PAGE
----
Last week, I got a letter where I was notified that I have to do some new hoop jumping to get SNAP. It’s like what I had to do for unemployment insurance–keep track of my job searches, do job-related things. Because being self-employed isn’t enough. This is new, as of last month. I guess Florida is employing people to do stupid admin work except for the people who actually need work. I need to talk to some case manager next Wednesday.

As I write this, I’m about $75 short on my phone bill, and I got the dreaded call earlier today that means that it’ll probably be turned off soon. For once, I’m not stressed out about it anymore. If it’s cut off, it’s cut off. It’s a waste of energy, resisting. There’s nothing I can do about it except ask for help continuously and keep looking for work that I can do.

Last week after my group, I had a talk with a friend, an Aries who co-leads the group. She had given me some blogging work and I was inquiring about more. I also wanted another POV on my work situation. She gave me some social media work that was optional for me to do. But I want to do it, so I can build up my portfolio.

You think taking advice from a Capricorn is hard? Whew. She gave me some good ideas but also made me look at myself, to see if I was too prideful. I will explore those job leads tomorrow. It was helpful to get new ideas of where to look because I knew I needed some new ideas. I even applied to a place that’s close to my house, a place I was told by another writer years ago that it was abusive. My Aries friend had worked there and I took her fiery enthusiasm and reconsidered. I consulted oracle cards twice and got the green light both times to apply.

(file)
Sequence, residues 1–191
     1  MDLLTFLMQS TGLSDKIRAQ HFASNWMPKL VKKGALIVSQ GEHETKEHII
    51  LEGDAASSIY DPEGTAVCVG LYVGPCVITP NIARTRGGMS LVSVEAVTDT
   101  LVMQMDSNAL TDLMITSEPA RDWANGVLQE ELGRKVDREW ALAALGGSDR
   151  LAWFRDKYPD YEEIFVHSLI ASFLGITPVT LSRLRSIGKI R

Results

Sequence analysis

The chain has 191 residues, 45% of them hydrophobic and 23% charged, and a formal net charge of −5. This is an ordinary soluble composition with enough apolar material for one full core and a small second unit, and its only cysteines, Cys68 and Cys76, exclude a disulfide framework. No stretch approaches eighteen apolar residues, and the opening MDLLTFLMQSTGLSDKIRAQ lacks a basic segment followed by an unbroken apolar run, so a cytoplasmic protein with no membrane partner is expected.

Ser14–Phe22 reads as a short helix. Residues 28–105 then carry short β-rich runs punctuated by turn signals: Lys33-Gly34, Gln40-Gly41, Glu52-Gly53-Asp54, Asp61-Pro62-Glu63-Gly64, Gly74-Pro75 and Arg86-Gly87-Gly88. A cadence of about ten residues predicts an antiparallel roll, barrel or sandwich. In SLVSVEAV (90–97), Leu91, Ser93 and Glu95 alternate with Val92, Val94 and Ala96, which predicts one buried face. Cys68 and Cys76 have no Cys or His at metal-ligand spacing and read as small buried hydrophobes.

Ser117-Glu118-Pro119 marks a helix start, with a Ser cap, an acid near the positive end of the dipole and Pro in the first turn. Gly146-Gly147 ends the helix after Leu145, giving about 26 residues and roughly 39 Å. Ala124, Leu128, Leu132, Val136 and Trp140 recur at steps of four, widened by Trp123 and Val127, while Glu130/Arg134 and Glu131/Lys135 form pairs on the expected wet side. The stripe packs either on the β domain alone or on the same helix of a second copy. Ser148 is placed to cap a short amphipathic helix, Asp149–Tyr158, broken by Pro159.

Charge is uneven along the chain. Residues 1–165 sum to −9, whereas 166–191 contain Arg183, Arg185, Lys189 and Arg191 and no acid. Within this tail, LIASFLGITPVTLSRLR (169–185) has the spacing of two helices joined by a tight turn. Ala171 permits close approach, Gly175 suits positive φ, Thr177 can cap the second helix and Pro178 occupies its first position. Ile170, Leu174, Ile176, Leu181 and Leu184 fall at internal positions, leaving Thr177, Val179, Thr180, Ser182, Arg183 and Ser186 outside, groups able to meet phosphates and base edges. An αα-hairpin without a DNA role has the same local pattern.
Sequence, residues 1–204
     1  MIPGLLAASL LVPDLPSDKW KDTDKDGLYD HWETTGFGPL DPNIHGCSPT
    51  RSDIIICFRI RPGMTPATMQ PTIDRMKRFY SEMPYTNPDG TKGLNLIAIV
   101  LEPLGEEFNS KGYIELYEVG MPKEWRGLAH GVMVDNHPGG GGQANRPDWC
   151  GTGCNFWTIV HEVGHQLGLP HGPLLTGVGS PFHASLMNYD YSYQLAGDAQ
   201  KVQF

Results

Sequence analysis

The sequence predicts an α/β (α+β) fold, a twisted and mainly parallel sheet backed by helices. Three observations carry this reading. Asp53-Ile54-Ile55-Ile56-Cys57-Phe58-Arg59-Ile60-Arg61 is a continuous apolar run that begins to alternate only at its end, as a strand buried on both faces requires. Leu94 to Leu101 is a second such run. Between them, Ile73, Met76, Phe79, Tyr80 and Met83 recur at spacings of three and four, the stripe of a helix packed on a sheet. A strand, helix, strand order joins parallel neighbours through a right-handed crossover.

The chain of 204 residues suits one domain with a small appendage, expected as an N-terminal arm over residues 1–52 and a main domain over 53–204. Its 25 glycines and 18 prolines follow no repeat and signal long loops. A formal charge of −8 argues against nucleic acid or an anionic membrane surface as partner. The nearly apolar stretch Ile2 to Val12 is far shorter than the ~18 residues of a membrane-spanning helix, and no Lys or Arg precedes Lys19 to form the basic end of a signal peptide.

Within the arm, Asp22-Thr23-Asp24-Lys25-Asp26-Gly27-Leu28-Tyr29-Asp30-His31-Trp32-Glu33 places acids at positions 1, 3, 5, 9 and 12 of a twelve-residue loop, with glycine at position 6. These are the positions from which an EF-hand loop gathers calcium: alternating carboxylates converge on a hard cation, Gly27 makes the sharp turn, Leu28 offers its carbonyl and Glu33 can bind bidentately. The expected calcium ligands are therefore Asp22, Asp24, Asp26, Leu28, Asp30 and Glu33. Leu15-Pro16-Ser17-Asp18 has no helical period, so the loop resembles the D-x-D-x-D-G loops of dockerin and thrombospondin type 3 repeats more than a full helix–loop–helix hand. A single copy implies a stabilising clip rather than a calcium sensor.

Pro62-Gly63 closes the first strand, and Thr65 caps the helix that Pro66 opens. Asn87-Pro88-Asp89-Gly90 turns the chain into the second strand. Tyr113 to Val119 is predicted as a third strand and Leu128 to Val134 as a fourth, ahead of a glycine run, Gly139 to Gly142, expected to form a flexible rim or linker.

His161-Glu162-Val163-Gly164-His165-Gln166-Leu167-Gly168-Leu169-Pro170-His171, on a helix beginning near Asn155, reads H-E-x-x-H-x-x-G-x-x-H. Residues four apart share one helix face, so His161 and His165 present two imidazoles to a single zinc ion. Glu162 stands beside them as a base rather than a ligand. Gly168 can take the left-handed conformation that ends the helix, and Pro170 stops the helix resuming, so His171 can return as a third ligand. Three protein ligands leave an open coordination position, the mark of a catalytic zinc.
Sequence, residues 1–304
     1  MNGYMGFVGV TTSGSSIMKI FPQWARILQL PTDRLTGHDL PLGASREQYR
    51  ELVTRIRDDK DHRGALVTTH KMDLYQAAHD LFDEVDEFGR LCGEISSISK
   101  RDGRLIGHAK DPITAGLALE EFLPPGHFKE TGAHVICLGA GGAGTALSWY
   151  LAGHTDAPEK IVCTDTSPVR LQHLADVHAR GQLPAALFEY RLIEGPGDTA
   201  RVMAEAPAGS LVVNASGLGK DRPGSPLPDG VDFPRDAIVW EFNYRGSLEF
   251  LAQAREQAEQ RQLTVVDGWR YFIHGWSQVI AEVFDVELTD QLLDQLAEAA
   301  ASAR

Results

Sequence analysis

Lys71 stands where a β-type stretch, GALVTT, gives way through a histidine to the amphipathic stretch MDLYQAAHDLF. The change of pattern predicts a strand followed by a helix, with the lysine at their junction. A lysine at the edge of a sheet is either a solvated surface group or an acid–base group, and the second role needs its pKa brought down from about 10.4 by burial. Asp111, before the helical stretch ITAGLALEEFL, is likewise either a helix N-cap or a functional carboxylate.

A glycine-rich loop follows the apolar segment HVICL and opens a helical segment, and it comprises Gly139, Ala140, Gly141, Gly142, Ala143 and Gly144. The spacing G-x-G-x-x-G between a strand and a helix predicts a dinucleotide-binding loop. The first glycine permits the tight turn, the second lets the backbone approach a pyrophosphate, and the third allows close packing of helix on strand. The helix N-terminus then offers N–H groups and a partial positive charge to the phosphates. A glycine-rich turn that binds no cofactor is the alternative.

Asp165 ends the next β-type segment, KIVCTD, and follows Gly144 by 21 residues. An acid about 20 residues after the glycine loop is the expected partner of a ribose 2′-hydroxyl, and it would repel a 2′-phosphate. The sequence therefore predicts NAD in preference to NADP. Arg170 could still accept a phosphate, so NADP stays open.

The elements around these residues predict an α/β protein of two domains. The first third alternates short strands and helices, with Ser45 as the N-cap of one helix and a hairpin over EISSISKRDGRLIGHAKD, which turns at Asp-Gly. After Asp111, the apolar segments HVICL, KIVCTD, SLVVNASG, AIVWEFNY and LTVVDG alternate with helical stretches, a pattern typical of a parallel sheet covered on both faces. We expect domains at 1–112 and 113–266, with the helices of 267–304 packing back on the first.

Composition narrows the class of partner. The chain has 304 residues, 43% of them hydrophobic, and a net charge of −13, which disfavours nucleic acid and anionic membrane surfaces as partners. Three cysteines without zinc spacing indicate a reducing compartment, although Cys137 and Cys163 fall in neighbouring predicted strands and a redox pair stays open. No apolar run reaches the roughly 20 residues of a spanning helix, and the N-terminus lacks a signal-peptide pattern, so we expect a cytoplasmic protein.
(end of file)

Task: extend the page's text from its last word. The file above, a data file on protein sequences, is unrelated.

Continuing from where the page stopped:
I can’t really tell if I’m not being humble or open enough, even though my time in Florida has been taking it on the chin over and over–at least in my mind. And I’m a Capricorn–I’m born proud of myself.

Still, is it OK to say no to anything where I am on my feet for hours because of my jacked up knees? When does being humble transform into humiliation? Have I had enough of both?

These are questions for the Universe, and I don’t really feel the push to break my body to work–but I feel like that’s part of the narrative of poverty, of working in America.

In order to get help, you have to grovel, or be amusing, or to have successfully shown that you deserve it somehow. We glorify the stories of extreme asceticism and sacrifice, things we’re not even willing to do ourselves. But at the same time, we judge those who have less than us. It’s the same sort of mentality that has people thinking that people who get SNAP aren’t smart enough to buy food for themselves, or that all of them are lazy and aren’t doing enough.

It couldn’t be that the system is broken.

We value “working really hard”–unless you’re rich. Then it’s OK not to. We collectively think it’s OK because we all want to be rich one day. We all want the perks, the tax havens, the getting off easy for our sins, the different set of rules. We buy into the idea that if we work hard enough, then we’ll get that.

But most of us will never be rich.

Right now, we’re trying to dissect #Wealthcare, the new healthcare bill which is even worse than the current legislation. And guess who it serves? The rich–specifically, the insurance companies. The current climate seems to be bucking up against this idea of “hard work is salvation” and making the poor pay more. And of course, I’m a part of this climate, and it’s affecting me. All of these narratives play out in my mind and I question all of them, because this is about my humanity,¬†our humanity,¬† after all.

It’s infuriating and inhumane and completely American.